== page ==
Markov chain that describes each agent’s behavior. As agents
play their strategies, the Markov chain converges to a station-
ary distribution in which each agent is active with probability
pA. Given N agents, the expected number of sprinters is
Given the expected number of sprinters, the game
updates the probability of tripping the breaker according to
its trip curve (e.g., Figure 2).
Ptrip may change u T and nS, which may produce a new . If
Ptrip = , then agents are playing optimized strategies that
produce an equilibrium.
4. 4 Finding the equilibrium
When the game begins, agents make initial assumptions
about population behavior and the probability of tripping
the breaker. Agents optimize their strategies in response to
population behavior. Strategies produce sprints that affect
the probability of tripping the breaker. Over time, population behavior and agent strategies converge to a stationary
distribution. The game is in equilibrium if the following
• Given tripping probability Ptrip, the sprinting strategy
dictated by threshold uT is optimal and solves the
Bellman equation in Equations ( 1)–( 3).
• Given sprinting strategy u T, the probability of tripping
the circuit breaker is Ptrip and is calculated by Equations
( 8)–( 10).
In equilibrium, every agent plays her optimal strategy and
no agent benefits when deviating from her strategy. In practice, the coordinator in the management framework finds
and maintains an equilibrium with a mix of offline analysis
and online play.
Offline analysis. Agents sample epochs and measure utility from sprinting to produce a density function f(u), which
characterizes how often an agent sees utility u from sprinting. The coordinator collects agents’ density functions, analyzes population dynamics, and tailors sprinting strategies
for each agent. Finally, the coordinator assigns optimized
strategies to support online sprinting decisions.
Algorithm 1 describes the coordinator’s offline analysis.
It initializes the probability of tripping the breaker. Then, it
iteratively analyzes population dynamics to find an equilibrium. Each iteration proceeds in three steps. First, the coordinator optimizes sprinting threshold uT by solving the
dynamic program defined in Equations ( 1)–( 7). Second, it
estimates the number of sprinters according to Equation ( 9).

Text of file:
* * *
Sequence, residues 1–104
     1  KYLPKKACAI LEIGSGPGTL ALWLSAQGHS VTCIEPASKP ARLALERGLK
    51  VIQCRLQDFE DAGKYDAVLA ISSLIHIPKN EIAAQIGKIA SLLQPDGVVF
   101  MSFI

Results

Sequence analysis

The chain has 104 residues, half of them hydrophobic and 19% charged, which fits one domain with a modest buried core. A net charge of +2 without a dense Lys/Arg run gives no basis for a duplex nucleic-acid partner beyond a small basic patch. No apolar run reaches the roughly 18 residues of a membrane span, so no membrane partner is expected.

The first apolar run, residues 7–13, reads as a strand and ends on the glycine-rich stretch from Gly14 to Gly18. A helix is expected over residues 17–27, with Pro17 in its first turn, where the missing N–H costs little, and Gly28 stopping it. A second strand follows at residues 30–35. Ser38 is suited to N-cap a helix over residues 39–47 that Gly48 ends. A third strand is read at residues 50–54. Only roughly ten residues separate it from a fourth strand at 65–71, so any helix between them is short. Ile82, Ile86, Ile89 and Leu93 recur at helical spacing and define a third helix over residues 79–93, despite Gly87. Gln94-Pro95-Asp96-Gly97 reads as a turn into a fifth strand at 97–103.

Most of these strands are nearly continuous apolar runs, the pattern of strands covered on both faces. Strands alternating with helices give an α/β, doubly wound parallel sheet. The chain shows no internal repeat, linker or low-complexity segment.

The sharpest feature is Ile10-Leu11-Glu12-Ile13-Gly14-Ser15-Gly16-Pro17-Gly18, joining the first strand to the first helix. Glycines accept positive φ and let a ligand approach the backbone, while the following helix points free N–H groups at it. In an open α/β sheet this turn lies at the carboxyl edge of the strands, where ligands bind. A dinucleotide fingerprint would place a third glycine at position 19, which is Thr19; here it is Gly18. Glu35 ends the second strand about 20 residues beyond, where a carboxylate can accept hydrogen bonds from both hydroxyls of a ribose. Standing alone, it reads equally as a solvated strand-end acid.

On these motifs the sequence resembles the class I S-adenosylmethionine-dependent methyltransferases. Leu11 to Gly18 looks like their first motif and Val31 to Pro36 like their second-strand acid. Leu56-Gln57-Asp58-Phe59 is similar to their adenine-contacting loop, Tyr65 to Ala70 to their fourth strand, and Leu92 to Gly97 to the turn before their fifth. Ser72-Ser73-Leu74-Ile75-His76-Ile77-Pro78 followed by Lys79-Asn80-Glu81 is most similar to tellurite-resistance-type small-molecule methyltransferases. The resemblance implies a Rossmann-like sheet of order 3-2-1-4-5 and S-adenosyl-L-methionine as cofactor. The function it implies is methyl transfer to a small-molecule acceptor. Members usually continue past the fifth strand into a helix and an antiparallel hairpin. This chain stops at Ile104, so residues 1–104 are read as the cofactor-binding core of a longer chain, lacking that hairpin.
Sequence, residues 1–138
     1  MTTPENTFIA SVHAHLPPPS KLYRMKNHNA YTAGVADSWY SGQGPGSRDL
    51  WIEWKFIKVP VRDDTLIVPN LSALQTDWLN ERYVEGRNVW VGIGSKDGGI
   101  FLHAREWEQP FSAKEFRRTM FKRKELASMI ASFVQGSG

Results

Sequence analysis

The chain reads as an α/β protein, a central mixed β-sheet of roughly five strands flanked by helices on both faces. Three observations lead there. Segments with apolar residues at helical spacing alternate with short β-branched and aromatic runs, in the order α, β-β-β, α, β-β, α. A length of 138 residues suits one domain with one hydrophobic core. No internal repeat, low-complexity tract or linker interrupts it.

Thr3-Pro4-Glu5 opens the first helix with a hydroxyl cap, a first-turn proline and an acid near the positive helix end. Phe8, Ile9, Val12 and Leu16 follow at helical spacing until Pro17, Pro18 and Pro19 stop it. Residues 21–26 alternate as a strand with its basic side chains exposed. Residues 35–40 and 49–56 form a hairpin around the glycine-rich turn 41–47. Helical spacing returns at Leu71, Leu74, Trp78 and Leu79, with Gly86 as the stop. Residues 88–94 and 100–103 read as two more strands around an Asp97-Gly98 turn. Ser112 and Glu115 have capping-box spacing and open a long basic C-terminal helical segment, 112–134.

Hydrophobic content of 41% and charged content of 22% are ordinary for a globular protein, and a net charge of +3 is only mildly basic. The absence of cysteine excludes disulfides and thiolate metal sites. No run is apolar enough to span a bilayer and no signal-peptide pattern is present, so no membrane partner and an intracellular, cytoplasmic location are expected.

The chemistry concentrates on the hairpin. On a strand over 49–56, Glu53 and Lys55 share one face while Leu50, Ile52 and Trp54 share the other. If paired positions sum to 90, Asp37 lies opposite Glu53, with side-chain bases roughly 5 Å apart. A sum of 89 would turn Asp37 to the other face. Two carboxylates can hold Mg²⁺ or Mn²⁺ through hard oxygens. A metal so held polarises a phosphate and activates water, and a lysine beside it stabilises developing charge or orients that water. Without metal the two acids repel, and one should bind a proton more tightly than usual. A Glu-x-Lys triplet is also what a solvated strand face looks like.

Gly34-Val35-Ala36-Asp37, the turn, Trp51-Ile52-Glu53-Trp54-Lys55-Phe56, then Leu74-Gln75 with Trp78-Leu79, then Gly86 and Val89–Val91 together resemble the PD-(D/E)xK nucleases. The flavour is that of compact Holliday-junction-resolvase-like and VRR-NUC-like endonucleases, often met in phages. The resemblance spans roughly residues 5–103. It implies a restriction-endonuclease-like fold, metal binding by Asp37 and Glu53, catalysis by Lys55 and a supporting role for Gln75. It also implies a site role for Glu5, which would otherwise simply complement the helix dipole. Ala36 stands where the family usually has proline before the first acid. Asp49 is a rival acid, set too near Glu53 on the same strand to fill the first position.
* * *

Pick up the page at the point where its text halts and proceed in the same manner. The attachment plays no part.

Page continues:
Finally, it updates the probability of tripping the breaker
according to Equation ( 10). The algorithm terminates when
thresholds, number of sprinters, and tripping probability
Value in active state. An action’s value depends on benefits in the current epoch plus the discounted value from
future epochs. Suppose an agent in the active state decides
to sprint. Her value from sprinting is her immediate utility u
plus her discounted future utility. When she sprints, future
utility is calculated for the cooling state V (C) or the recovery
state V (R) when her sprint trips the breaker.
However, an agent who does not sprint will remain in the
active state unless other sprinting agents trip the circuit
breaker and require recovery.
V (A) denotes an agent’s expected value from being in the
active state. The game profiles an application and its time-varying computational phases to obtain a density function
f(u), which characterizes how often an agent derives utility u
from sprinting. With this density, the game estimates
Value in cooling and recovery states. An active agent transitions into cooling and recovery states when she and/or others sprint.
Parameters pc and pr are technology-specific probabilities of
an agent in cooling and recovery states staying in those
states. The game tunes these parameters to reflect the time
required for chip cooling after a sprint and for rack recovery
after a power emergency.
Threshold strategy. An agent should sprint if her utility
from doing so is greater than not. Equation ( 7), which follows from Equations ( 2) and ( 3), states that an agent should
sprint if her utility u is greater than her optimal threshold for
sprinting u T. Applying this strategy in every epoch maximizes
expected value across time in the repeated game.
4. 3 Characterizing the sprint distribution
Given threshold u T, an agent estimates the probability that
she sprints, ps, in a given epoch.
The probabilities of sprinting (ps) and cooling (pc) define a